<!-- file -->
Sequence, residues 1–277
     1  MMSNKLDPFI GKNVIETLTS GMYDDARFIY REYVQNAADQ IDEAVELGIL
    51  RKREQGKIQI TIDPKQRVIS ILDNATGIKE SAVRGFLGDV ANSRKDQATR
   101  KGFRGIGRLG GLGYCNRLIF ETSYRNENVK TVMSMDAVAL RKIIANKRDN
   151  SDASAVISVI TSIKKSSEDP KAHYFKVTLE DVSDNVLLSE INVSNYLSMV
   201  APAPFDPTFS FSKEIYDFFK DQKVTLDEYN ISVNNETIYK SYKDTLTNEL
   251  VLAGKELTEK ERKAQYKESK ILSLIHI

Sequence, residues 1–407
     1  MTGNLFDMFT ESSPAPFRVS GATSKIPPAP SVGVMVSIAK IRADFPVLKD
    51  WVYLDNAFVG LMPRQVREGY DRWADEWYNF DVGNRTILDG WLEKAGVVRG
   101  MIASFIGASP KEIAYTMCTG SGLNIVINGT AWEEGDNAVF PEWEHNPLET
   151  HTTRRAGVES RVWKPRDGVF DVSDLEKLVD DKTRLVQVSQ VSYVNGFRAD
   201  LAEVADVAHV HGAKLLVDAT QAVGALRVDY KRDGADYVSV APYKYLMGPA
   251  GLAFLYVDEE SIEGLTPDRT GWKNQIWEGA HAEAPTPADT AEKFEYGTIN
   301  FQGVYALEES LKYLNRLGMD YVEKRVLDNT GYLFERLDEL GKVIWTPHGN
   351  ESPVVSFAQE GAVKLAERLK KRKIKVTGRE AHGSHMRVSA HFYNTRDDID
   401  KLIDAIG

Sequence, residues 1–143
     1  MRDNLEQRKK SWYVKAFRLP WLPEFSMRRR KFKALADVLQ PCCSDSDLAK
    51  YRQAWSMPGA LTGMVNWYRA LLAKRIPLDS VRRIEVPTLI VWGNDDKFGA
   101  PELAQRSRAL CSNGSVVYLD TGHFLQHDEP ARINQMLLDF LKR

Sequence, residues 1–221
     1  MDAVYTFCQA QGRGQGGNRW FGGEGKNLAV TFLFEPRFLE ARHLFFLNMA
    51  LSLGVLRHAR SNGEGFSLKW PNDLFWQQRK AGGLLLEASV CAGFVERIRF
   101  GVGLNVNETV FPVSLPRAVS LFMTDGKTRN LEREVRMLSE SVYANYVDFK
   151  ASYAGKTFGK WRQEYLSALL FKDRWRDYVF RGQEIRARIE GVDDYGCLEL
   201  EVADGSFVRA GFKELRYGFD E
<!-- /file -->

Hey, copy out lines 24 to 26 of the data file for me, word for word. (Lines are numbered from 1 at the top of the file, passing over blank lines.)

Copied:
    51  LSLGVLRHAR SNGEGFSLKW PNDLFWQQRK AGGLLLEASV CAGFVERIRF
   101  GVGLNVNETV FPVSLPRAVS LFMTDGKTRN LEREVRMLSE SVYANYVDFK
   151  ASYAGKTFGK WRQEYLSALL FKDRWRDYVF RGQEIRARIE GVDDYGCLEL